When faced with these complex ethical questions, it is tempting to take sides either for or against biotechnology. Utopian proponents will argue that biotech will end human suffering. Detractors will label it “unnatural” (many of them in blog posts on the equally unnatural internet).
But the reality, as always, is somewhere in the middle. These technologies are coming. Some are already here. And real people will make real decisions about which ones to develop and how and whether to release them to market. There will be profiteering motives and black market abuses. There will also be public discussion in the press, on the web, and in the streets that will have real effects on government policy. Pharmaceutical companies have powerful, well-heeled lobbies. But Occupy Wall Street has recently demonstrated the power of the people to organize into a formidable political force.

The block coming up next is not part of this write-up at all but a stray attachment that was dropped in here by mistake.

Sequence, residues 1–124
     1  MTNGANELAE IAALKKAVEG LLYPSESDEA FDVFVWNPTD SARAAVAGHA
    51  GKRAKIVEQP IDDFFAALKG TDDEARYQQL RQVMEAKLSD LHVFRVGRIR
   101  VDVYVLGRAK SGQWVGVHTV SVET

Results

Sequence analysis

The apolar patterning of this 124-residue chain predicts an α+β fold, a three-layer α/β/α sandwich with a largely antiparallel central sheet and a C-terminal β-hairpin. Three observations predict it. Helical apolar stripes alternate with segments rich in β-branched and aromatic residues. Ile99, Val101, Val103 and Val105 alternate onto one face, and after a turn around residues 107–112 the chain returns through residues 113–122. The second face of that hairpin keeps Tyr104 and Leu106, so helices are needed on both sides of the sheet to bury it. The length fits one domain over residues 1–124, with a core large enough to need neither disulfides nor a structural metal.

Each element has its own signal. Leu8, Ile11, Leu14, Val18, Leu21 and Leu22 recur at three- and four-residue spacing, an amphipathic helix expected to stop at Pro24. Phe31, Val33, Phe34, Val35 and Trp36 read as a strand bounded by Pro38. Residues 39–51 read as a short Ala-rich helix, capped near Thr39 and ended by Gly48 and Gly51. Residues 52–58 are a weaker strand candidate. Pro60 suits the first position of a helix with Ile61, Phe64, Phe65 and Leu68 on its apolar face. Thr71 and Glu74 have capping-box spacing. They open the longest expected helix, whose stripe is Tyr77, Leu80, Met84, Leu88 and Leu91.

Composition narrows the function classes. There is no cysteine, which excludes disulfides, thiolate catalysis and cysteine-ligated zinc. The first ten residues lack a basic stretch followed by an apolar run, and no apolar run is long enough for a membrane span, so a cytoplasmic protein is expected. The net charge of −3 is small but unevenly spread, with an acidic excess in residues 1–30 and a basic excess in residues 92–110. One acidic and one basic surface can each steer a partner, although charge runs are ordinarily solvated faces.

In other words, major decisions about how we want to reshape our brains and our entire species are upon us, and their outcome depends on our energy or apathy in addressing them.